Lael sent each of us the announcement as well as the syllabus from the class. Questions students were asked to consider in the syllabus included: "Who is the audience for this book? What do the authors say of the LDS community? What do we learn of the author? How has she interpreted LDS life? If she writes of a past (or future) time, what does her interpretation say about the relationship between the period of writing and the period written of? What skills does the writer display? What are the tensions in the book and how do they reflect LDS life?" (The Literature of Mormon Women, Claudia Bushman, Syllabus, Spring 2010)

I would love to be a fly on the wall during those discussions. Our Lovely Miss Lael has been invited to join the class at the end of the semester. We'll look for a more detailed report then.

A few of the other books and authors included in the reading list were The Giant Joshua by Maureen Whipple, A Little Lower Than the Angels by Virginia Sorensen, Lighten Up by Chieko Okazaki, and Goodbye, I Love You by Carol Lynn Pearson. We feel honored to be in such company.

Releases for our New Release

For those of you wondering where our newest release Leaning into the Curves (Deseret Book)has been, it's been waiting in the warehouse for Carroll and me to get all the releases necessary sent to our product designer from people we quoted, a real organization whose name we used, and living individuals featured in our story.

It's been an adventure and an education in the legal hoop jumping to get this book on the shelves. We learned some important steps to take when building fiction around living private persons and registered or tradmarked organizations.

First, know you legal responsibility and liability. A careful reading of your contract with your publisher is a good place to start. Ours clearly stated that obtaining all the needed written legal releases was the authors' responsibility. Verbal permission isn't enough!

Next, keep a running list of the name of every living person you use in your manuscript other than recognized public figures, every statement quoted, and every trademarked or registered name mentioned. Make sure that list is complete. One legal staffer recommended even story lines most loosely based on real life experiences of someone other than the author should begin with obtaining the written permission of such usage. Know how to contact everyone on your list.

Get in touch with your publisher's legal department for copies of the forms needed. We suggest you send each participant two copies, one for them and one with a SASE for you. Upon receipt of the original signed document, make a copy for your own files and forward the original to your publisher.

It's easier than it sounds. When everyone we contacted realized how positive the image portrayed was, they were delighted to provide us with the needed forms and we eager for the novel to be a success. But we were lucky. The book had already gone to print and they could have as easily said no.

So don't take the risk. Don't wait until you have the galley in hand to start the process. Believe me, nothing, no reassurances, no electronic facsimile, no he said she saids will get those books out of the warehouses and on the the shelves until the publishers have the original releases on file. So stay ahead of the game and do the legal hoop jumping when you start your stories.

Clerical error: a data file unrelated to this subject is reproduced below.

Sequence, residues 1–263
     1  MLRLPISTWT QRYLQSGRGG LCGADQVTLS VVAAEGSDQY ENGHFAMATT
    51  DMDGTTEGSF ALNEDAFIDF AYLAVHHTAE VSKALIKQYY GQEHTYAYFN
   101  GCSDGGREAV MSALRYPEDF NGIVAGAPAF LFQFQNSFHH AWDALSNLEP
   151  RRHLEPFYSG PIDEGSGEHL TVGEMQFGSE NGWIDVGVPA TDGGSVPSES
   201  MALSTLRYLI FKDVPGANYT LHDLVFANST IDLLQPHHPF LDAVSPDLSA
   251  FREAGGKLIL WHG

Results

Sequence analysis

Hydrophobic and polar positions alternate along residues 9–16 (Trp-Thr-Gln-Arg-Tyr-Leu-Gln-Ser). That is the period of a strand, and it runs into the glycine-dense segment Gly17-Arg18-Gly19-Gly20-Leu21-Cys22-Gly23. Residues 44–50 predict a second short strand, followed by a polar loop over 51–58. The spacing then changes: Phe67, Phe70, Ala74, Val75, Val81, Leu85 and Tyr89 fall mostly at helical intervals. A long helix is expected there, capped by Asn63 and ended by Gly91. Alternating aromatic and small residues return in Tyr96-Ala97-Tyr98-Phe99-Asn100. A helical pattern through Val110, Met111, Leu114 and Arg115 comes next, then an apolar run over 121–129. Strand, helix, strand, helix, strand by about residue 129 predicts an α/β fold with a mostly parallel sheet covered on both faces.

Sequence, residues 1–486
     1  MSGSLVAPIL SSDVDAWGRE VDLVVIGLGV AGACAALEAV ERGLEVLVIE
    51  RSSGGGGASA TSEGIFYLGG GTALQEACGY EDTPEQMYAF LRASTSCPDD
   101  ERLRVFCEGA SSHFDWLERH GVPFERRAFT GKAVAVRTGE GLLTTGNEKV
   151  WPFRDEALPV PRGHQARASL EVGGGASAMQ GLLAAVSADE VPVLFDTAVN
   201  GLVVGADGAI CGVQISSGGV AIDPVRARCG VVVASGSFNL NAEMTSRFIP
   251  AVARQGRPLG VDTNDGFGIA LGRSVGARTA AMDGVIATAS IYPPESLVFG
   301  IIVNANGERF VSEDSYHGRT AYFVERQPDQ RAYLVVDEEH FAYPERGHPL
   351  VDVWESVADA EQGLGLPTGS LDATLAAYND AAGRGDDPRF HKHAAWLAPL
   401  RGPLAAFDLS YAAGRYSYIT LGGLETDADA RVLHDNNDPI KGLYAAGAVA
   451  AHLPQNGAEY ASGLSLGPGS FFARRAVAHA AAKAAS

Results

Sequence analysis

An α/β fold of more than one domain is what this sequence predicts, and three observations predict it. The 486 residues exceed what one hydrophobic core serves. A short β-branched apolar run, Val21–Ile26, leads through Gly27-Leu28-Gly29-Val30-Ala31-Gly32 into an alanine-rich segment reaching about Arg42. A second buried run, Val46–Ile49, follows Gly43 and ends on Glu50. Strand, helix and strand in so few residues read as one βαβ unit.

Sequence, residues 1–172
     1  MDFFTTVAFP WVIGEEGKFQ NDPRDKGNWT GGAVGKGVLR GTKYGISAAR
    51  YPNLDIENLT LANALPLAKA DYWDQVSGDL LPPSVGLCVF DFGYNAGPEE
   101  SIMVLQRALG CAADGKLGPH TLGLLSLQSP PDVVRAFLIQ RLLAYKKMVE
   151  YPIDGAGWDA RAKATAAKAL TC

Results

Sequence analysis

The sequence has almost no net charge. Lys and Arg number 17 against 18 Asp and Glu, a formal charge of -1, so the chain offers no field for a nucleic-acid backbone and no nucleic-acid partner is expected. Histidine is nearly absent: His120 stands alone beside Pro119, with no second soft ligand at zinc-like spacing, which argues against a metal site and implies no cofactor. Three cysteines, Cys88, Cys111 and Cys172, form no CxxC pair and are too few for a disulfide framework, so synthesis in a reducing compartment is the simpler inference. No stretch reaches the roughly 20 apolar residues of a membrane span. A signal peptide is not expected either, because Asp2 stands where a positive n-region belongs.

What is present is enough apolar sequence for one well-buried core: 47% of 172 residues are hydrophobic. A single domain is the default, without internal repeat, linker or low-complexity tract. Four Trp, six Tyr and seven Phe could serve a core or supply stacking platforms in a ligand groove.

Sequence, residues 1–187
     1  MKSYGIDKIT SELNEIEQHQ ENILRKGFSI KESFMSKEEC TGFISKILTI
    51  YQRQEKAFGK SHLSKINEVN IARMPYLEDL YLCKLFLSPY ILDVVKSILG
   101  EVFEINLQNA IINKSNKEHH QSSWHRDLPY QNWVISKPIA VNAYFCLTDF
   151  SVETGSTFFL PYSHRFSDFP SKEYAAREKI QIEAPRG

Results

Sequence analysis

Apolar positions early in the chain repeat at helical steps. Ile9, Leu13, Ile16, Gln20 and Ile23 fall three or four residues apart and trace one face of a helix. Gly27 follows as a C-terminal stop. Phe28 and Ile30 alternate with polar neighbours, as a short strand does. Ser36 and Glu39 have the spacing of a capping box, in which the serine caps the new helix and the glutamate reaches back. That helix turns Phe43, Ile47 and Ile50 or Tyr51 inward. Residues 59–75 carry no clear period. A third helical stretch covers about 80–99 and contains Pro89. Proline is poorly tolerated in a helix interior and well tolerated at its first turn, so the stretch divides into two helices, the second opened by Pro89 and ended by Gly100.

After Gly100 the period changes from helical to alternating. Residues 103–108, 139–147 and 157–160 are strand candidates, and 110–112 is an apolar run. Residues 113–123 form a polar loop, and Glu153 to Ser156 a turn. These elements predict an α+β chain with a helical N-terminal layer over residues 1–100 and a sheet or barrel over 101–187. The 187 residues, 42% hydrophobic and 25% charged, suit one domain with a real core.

Sunday, January 17, 2010

Carroll's Christmas Eve Posole Rojo

In 2003 we moved to Green Valley, Arizona, just 40 minutes north of the border. That year, we started a new Christmas Eve supper tradition: tamales and posole. So many people have asked for the posole recipe that I decided to post it for you to enjoy.

The most important ingredient is Red Chili Paste made by the Santa Cruz Chili & Spice Company. There is a very big difference between "red" soups and sauces that use tomatoes as a base and those that have red chili paste as a base. FYI, this chili paste isn't hot, just very rich and aromatic.

It's not possible to achieve the wonderful flavor of this posole without this paste, so if you can't find it in your grocery store (it comes in a jar), go to, click on Products, and order a jars or two. If you make a lot of Mexican dishes, you won't regret it.

Okay, here's the recipe. Don't be put off by how long it is. Because the soup is best made the day before, on Christmas Eve all you'll have to do is prepare the vegetables you serve with it.

Carrolll's Christmas Eve Posole Rojo

Step 1:
4 pounds country-style pork ribs
6 cloves of garlic

Put ribs and garlic in crock pot. Sprinkle liberally with ancho chili powder and a little cayenne pepper. Cook on high until pork is done enough to shred. Drain liquid inter gravy separator, pour off fat, and reserve liquid. Shred pork. Mash garlic and reserve to put in soup.

Step 2:
In a large soup pot, put the following ingredients and let simmer to develop flavors. Tastes best if made a day ahead of time.

1 quart chicken broth
8 cups water
1 jar Santa Cruz Spice Co. Red Chili Paste
2 tbs. ground cumin
1 tsp. Mexican oregano
1 small can diced green chilis
2 28-oz cans of white hominy
Shredded pork, smashed garlic, and reserved juice
Correct seasoning with additional chili powder, cumin, and salt
This is especially important if you decided to add more liquid. I usually do, because what we all love is the broth!

Step 3:
Serve with the following accompaniments:
Diced avocado
Thinly sliced cabbage
Chopped green onions
Diced radishes
Dried hot pepper flakes
Grated cheese
Lime wedges--a squirt of lime in Posole is a must!
Tortilla strips or chips

Step 4: Enjoy!